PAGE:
I have a rubber stamp for the back of my paintings, declaring my copyright ownership. This is discussed in my website article “Explore Back Of Your Painting.” Peter.
The following article is extracted from the August/September 2014 issue of Robert Burridge’s newsletter “ArtsyFartsy News:”
Ask Kate About Art Marketing
|ASK KATE! With every newsletter, Kate will post your questions and her responses on the subject of marketing, sales, and promotion. If your question is selected for the newsletter, you will receive a Burridge Permission Mug. If you have a burning question that you would like to have answered — for your benefit and everyone else’s — email Kate at firstname.lastname@example.org|
Barbara from Illinois asks…. Recently, a customer asked whether he could reproduce my painting, if he were to buy it. What is the best response to someone who asks about copyrights? And where can I find current going rates for image usage rights?
Thanks for your question Barbara! I am sure that this same question has come up for a lot of artists. This is an example of Licensing your Art.
We refer to licensing as “Making Money while you Sleep”.
Concept: You (artist) sell your design (art) to a company to use on a specific product.
You get: Advance payments/royalty or a percentage of sales. If successful, Artist can expect to make anywhere from hundreds of dollars to millions. Time – 2 to 10 years – DonÊ¼t get discouraged. Licensing can be a very slow-building process.
YouÊ¼ll need to have more than one idea. Think of a full line of products. Does your design work for a full line of products? Ask yourself – Do your artwork really have the right look for commercial products? Think greeting cards, coffee mugs, jigsaw puzzles, coasters – any product that has an artwork component is more than likely a “licensing deal”.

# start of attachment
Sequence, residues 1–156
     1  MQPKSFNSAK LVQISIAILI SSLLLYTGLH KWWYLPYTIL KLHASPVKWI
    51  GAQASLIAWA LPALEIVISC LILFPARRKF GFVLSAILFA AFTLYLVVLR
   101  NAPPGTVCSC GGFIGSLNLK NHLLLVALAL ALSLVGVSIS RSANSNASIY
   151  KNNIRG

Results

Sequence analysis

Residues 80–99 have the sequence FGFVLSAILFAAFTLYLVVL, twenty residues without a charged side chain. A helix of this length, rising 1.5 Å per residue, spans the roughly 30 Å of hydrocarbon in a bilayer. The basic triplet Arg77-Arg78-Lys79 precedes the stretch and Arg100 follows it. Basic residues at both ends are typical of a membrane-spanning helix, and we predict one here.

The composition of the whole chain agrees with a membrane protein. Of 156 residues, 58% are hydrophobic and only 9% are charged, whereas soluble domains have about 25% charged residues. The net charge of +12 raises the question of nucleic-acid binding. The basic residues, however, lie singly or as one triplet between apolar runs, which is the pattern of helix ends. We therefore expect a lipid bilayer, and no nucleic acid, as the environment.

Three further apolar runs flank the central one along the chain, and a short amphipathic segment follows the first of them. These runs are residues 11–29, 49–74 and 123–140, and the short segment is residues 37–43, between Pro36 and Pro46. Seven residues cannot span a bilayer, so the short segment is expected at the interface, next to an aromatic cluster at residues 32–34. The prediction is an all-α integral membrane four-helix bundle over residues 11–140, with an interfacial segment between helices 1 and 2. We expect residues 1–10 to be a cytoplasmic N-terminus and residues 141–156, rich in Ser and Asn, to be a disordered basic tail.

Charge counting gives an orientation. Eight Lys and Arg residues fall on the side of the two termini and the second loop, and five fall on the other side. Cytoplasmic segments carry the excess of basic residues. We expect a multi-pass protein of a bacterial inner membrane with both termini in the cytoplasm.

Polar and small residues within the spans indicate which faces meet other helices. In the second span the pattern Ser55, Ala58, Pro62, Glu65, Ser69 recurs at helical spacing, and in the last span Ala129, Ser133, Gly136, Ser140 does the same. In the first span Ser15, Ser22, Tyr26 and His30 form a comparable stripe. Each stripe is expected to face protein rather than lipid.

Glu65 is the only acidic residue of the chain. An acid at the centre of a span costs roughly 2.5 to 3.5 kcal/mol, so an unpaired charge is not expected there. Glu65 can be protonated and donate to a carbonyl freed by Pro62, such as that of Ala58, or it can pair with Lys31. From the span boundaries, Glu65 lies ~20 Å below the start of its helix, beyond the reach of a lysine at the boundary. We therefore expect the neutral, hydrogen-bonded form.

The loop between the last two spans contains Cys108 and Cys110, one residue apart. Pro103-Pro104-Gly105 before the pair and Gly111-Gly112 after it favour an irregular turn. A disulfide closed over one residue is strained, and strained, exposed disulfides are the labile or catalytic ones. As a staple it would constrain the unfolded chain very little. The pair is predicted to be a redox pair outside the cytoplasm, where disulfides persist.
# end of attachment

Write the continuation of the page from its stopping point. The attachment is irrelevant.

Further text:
Back to your customer – I would probably ask him what he had in mind, then draw up a licensing contract and charge him that way. I don’t know if I would be too keen on selling him the original if I couldn’t trust him to honor the artist’s copyright. Hmmm… I think I would also go over these points with the customer.
1) The Artist owns the copyright of their work, period.
2) Any reproduction of the artist’s work must be granted in writing by the artist.
3) Just because the person owns the physical piece of art, they do not own the copyright.
Here is a great website that will answer a lot of licensing questions:www.porterfieldsfineart.com
Click HERE for more Licensing Resources.
Here are a Couple of Books I Use For Reference
Licensing Art 101 by Michael Woodward
Publisher: ArtNetwork; Third Edition edition (July 1, 2007)
Paperback: 192 pages
Licensing Art and Design: A Professional’s Guide to Licensing and Royalty Agreements by Caryn R. Leland
Published by Allworth Press; Revised edition (May 1, 1995)
Paperback: 128 pages